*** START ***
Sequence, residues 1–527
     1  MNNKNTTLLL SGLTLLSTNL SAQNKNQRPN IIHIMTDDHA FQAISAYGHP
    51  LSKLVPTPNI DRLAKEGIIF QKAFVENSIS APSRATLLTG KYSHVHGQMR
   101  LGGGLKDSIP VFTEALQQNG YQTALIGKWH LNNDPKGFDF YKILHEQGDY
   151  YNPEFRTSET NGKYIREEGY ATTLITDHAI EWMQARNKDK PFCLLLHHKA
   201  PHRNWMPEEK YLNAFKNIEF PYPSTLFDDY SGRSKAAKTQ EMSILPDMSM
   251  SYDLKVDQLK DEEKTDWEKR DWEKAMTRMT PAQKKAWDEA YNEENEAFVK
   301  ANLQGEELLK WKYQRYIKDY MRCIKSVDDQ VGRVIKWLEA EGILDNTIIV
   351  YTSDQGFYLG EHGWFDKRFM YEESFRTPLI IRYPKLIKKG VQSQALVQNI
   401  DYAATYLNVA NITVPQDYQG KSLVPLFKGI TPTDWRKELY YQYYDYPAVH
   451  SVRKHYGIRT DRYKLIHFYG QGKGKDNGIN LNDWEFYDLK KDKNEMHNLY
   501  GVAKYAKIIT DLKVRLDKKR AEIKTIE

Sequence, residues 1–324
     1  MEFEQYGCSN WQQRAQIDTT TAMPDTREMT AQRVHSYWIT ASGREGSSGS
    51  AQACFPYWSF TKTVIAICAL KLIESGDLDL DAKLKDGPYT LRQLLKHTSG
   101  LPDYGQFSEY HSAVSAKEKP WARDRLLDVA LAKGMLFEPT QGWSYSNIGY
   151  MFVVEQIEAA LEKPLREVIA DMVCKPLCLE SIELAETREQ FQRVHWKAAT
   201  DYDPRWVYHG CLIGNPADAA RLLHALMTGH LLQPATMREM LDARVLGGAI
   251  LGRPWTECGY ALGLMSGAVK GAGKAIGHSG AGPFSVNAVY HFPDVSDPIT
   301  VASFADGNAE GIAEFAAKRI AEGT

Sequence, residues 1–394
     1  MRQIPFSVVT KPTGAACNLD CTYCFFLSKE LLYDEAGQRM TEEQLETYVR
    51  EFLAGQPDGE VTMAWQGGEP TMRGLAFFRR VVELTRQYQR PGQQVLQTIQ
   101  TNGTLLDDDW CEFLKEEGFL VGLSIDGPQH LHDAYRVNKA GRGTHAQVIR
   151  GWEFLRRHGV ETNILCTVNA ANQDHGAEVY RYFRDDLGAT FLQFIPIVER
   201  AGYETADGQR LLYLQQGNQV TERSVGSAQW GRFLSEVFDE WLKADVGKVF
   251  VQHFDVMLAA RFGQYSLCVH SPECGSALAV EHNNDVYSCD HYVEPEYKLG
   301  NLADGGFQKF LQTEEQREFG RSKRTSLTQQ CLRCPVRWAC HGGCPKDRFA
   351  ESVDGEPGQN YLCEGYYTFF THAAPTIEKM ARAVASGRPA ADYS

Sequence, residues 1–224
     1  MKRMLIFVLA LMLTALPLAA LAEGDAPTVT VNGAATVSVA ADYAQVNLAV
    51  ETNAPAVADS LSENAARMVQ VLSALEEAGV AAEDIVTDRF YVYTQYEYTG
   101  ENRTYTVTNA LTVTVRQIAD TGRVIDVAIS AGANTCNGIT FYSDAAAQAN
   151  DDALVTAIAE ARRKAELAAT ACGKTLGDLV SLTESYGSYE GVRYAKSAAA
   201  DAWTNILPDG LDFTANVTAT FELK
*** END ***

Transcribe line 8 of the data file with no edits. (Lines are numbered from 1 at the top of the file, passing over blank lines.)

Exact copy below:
   301  ANLQGEELLK WKYQRYIKDY MRCIKSVDDQ VGRVIKWLEA EGILDNTIIV